Canadian folk-pop and roots artist Adrienne Nye is prepared to transfix even the loneliest listener with her pulsing new harmony-driven song, “Lonely Days”.
A song steeped in utter truths, hinging on pleading, and questioning, and ultimately surrendering to reality, the Montreal-born, Vancouver-based singer/songwriter strikes a chord both on her stunning acoustic, and straight through the heart of any lover lost to love.
Give a listen and watch“Lonely Days” here on YouTube:
This indie songstress has a voice as rich as mahogany and a sensibility in songwriting that flows eagerly between traditional roots, with a nod of country folk, for good measure. Seizing listeners with her enchanting intros that rush like a freight train as the song churns along the track, Nye dares you to join her on the journey — regardless of where it goes.
“This song was written as an anthem to all bi-national couples separated by border closures,” Nye explains of “Lonely Days.” “Being separated for a long time from someone you love can be gut-wrenching and heartbreaking. It impacts everything from our mental health to our support network to our general sense of wellbeing. It leaves us longing for connection and feeling the deep sting of isolation and separation. My heart goes out to everyone trying to get to someone they love and just can’t. It is my hope that this song brings us together to relate to each other’s struggles and find strength in our collective pandemic stories of love, loss and uncertainty.
“Together or apart, love is essential.”
The multi-instrumentalist has had an incredible tenure in music, having started singing at the tender age of four, and booking her first professional on-stage show at age nine. Cultivating a passion for music and composing, the young Nye grew up honing her craft in her high school productions, her specialized arts and training programs and eating up every opportunity placed on her path – including composing a full-length Missa Brevis in three-part harmony for her choir when she was 14. “It was performed at Place des Arts in Montreal and broadcast live on Radio-Canada,” Nye says. In addition to performing acoustic, the musician is also taking up the mandolin and turning her attention to Nimbus School of Recording and Media where she’ll be studying music production, recording and business.
Among her ranking influences, Nye reveals Brandi Carlile and Joy Williams at the heart of her musical soul, “although I listen to everything from bluegrass to Americana to Pop these days,” she adds. It was in 2017, she formed Fallow State with Christopher D. Olson, a former classmate at Rogues West (British Columbia), and their music became known around the Vancouver music scene as a rich tapestry of clever songwriting, refined musicality and shape-shifting harmonies. Their debut EP was released in 2017, with a subsequent sophomore offering in 2020. With accolades and fans to their credit, the duo spent two years in a row performing at West Vancouver’s coveted Harmony Arts Festival.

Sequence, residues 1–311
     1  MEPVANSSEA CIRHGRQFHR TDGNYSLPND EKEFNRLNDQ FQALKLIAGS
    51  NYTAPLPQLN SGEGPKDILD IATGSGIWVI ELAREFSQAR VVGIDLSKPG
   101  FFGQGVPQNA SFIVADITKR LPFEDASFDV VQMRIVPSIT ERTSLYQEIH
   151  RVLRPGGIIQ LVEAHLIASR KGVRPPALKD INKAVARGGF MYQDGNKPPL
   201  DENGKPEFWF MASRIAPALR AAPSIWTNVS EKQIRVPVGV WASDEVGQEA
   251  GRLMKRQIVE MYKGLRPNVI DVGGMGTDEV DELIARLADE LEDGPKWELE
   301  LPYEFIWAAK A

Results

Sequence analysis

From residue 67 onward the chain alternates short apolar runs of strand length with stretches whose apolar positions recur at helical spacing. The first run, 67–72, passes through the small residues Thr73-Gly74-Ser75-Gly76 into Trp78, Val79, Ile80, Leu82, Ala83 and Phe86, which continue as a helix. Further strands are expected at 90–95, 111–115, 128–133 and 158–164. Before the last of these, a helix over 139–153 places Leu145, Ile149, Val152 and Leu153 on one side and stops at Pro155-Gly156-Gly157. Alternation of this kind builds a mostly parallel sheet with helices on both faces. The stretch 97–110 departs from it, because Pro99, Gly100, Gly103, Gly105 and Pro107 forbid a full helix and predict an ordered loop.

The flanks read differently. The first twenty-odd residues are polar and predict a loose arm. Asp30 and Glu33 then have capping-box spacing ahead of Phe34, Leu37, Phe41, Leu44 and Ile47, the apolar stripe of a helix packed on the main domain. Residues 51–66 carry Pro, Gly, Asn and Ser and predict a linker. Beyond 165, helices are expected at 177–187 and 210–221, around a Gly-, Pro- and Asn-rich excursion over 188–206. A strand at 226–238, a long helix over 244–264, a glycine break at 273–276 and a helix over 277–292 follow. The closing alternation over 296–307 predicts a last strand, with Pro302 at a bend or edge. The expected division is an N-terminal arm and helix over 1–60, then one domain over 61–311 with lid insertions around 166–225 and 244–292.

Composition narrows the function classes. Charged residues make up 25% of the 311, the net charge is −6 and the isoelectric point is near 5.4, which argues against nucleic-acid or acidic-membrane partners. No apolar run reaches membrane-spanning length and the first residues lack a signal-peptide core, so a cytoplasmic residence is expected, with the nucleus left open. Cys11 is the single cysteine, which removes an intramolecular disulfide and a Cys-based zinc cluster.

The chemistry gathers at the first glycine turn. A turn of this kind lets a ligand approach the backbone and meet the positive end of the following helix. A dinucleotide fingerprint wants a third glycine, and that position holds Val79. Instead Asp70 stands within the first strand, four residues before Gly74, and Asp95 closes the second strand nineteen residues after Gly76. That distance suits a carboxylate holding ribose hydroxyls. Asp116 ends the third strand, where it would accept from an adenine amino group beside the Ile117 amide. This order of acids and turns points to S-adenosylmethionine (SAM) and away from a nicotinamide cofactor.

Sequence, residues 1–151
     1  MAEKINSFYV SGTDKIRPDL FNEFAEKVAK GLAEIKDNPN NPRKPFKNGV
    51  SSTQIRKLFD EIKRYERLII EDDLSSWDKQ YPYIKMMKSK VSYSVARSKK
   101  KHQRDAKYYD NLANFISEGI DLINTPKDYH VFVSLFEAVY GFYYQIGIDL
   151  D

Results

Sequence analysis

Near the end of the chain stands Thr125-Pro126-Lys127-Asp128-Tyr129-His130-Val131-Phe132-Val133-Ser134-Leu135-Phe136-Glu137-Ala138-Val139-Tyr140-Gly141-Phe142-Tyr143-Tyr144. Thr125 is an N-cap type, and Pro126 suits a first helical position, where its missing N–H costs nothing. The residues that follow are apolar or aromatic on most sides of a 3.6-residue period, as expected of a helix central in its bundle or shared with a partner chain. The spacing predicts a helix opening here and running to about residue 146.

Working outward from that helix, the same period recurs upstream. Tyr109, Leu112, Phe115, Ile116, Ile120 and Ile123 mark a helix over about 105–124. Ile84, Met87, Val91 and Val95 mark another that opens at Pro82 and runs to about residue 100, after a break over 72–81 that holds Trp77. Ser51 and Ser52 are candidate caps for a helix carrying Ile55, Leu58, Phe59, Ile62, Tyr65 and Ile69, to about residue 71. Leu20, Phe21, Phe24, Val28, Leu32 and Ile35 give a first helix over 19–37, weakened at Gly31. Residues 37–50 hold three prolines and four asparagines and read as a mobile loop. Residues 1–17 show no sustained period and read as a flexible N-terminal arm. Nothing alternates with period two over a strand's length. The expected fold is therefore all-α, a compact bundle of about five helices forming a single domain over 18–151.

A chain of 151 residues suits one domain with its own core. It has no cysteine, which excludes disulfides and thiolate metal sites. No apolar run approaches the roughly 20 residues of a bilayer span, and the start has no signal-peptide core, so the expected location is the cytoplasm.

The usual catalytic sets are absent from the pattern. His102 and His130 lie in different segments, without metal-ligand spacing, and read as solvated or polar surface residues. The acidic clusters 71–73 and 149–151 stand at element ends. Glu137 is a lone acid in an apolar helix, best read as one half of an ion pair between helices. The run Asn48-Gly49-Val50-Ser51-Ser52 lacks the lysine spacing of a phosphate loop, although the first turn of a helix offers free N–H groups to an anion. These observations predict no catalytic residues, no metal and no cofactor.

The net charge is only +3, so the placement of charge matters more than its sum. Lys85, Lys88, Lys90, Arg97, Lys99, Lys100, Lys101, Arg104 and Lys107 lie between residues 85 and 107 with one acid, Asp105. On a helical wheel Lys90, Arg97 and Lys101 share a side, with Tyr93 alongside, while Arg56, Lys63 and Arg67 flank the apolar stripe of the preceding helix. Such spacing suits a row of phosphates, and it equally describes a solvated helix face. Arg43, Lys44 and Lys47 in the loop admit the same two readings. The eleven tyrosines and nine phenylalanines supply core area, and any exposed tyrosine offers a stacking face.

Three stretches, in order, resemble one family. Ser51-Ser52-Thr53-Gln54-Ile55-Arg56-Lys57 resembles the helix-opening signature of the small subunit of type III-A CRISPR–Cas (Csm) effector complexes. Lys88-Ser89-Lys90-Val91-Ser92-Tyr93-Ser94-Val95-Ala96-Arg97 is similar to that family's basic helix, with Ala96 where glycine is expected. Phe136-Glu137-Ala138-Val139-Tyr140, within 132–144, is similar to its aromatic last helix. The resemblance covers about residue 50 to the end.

“Lonely Days” marks Nye’s first solo single in more than a decade. Enlisting a host of talented collaborators to see the track through, including JP Maurice as a session musician, producer, and even backing vocals. As Nye says, he brought “everything to the table.”
“JP Maurice is a dream to work with,” Nye reveals. “From backing vocals to piano, guitar, bass, synth, organ, drums, and I probably forgot some other things in there too… He threw everything at the wall, and then some, and we got to select the best of what we had.
“It was so much fun to try different things and see what felt right. It’s amazing to find someone who hears music the way you do but also throws some creative curveballs into the mix that you might not have considered. I learned so much from him and from my time with him in the studio.”
Part of what makes the concoction of “Lonely Days” so spectacular is the attention to detail you can pluck from each layer of the song, including the pulsating “porch stomp” that can be felt like a metronome throughout the piece. “After tracking the acoustic guitar first, we decided to add a ‘porch stomp’ which was meant to serve as a sort of marching heartbeat throughout the song,” Nye goes on to explain. “JP ran a mic under a ramp in the courtyard of the studio and literally stomped on it. I couldn’t stop laughing as we went back and forth trying to decide whose shoes made a better thumping sound.
What became of the song is a love letter to musical prowess and captivating penmanship. “Lonely Days” makes no bones about telling the truth, standing behind it, feeling it through its rawness and agility to break under the weight of loss and wondering how to fit the pieces back together. Adrienne Nye is no stranger to letting the realness of her world shine brightly on even the darkest tales, but her sense of longing has the listener relating and rooting for a happy ending.
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